Put as Little Extra Burden as Possible on the Bearer of the Rationale

This principle makes a clear statement about the distribution of effort within the team. It is especially important that those who are the sources of rationale be spared the extra work of capturing it. This is contrary to many rationale capturing approaches that assume the experts will have to do most of the work (several mentioned in Chap. 1).

Grudin’s seminal work [9] on “who is the beneficiary and who does the work?” reminds us to design work processes with the benefits and efforts of all stakeholders in mind. Grudin claims (originally in the field of CSCW) an approach will not be successful if some people are charged with extra work, while others receive all the benefits. Projected on captur-ing design rationale, the bearers of rationale will see little personal benefit in sharing or even documenting what they know. It is an old lesson from knowledge management that there may be incentives beyond money to create benefit. Demonstrating to experts the appreciation for their knowledge and help has often been a valuable benefit to them [6]. During our work with the two applications described later, the bearers of rationale recognized and appreciated our obvious attempts to save them time. Nevertheless, some effort needs to be invested for capturing and structuring. As a consequence, someone else has to do it, and at a later time. This differentiates the By-Product Approach from others that attempt to distribute the effort more “equally”. However, benefits and potential contributions are not distributed equally, so why should efforts be? It is a conscious decision of this approach to let those people do most of rationale management work who benefit most from a well-structured base of ration-ale. Those who need the rationale are the ideal people to do that job.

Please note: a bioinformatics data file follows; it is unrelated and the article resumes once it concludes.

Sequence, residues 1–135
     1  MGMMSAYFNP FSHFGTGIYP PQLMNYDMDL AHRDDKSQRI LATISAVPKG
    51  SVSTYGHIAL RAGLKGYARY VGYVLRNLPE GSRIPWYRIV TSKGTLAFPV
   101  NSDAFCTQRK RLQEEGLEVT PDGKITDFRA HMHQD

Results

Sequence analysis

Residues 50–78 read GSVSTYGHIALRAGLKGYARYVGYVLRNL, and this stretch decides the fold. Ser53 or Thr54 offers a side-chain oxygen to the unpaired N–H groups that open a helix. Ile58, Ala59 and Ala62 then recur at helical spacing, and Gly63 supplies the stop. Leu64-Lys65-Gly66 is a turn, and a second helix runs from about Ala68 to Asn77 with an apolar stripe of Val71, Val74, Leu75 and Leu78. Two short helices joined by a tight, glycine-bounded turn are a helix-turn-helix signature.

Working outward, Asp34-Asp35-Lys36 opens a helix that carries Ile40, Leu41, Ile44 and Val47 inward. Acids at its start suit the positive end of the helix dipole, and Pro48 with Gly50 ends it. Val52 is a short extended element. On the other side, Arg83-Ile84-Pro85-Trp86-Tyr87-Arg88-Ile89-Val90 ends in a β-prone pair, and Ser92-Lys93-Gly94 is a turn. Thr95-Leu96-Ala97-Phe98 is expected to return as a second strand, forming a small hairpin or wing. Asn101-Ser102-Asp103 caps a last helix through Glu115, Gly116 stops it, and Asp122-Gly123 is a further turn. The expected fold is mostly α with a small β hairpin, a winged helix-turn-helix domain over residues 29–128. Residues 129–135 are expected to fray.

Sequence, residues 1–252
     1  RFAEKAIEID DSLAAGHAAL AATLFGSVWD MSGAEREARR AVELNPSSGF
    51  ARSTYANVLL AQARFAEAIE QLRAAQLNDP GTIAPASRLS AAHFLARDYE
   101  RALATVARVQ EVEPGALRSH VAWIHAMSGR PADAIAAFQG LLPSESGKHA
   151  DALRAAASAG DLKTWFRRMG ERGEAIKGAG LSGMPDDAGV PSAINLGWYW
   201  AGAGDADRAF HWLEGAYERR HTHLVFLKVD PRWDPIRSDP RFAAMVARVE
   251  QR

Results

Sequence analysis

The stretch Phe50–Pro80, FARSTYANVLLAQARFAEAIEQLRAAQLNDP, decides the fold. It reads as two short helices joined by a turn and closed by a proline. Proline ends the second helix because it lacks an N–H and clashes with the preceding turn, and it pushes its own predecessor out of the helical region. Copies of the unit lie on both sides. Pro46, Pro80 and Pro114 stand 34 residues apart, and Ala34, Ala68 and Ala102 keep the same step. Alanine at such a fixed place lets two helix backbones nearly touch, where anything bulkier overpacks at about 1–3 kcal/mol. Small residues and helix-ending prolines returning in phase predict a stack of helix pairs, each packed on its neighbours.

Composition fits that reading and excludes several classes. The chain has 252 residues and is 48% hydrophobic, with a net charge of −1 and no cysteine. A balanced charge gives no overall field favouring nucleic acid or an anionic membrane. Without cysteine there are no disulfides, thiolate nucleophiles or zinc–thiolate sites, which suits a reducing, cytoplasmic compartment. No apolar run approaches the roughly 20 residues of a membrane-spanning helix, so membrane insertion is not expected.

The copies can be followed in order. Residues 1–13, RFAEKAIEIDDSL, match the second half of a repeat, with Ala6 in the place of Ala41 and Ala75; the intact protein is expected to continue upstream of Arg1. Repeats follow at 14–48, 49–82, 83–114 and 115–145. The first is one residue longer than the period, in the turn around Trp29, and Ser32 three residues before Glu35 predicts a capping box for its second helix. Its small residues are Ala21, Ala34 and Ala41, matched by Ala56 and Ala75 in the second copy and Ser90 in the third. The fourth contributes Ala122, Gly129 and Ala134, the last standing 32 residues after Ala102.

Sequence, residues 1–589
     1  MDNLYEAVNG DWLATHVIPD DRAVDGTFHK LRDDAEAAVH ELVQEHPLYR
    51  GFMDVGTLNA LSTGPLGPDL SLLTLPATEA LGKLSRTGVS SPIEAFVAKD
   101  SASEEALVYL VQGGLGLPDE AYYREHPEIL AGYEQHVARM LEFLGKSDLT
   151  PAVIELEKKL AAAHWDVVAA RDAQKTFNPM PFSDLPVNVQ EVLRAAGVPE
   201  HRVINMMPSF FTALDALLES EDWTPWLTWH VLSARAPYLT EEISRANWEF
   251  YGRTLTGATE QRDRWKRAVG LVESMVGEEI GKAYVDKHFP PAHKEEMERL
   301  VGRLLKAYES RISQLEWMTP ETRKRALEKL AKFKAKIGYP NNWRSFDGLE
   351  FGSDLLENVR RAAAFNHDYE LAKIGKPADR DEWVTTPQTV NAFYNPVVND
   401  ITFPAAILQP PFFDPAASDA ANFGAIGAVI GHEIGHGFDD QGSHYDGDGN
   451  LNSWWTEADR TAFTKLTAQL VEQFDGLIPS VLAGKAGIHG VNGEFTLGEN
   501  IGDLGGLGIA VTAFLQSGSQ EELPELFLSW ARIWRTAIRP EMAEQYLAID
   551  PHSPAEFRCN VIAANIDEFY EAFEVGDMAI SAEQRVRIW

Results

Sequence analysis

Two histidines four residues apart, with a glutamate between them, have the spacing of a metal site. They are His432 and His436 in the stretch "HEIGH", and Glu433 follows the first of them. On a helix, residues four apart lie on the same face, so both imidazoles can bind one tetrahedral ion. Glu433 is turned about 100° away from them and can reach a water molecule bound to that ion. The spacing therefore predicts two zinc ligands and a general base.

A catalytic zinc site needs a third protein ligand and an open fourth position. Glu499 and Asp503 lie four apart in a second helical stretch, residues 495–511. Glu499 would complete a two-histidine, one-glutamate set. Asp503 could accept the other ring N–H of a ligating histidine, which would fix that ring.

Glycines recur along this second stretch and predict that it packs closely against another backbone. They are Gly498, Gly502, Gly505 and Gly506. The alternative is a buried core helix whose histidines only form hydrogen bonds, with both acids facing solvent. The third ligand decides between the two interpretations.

Of course, there is a limit to all principles. When a learner has made an attempt to organize material, there should be the option for a feedback session. The expert could meet the learner and look through the results, as long as the expert is still available. The By-Product Approach and the tools developed to support each of its instantiations will support this feedback and provide a good basis for structuring and indexing (as explained later). When there is no time or opportunity for such a session, the By-Product Approach will try to continue without: “raw” material in the form of paths can often be used since paths follow a well-known structure of products or work-processes. It is, in fact, not so raw. Skipping feedback will decrease the learning value, but not to zero (Principle 7).

Most of the extra work load for capturing rationale is shifted away from the focus project task, and most of the remaining rationale-related duties are assigned to learners or observers rather than bearers of rationale. Here is the capturing bottleneck.

As Chap. 1 points out, many approaches have shifted from intrusive to less-intrusive variants. We consider itt important to distinguish the roles and balance effort, duties, and (potential) benefit, with a clear focus on relieving experts from any extra work.


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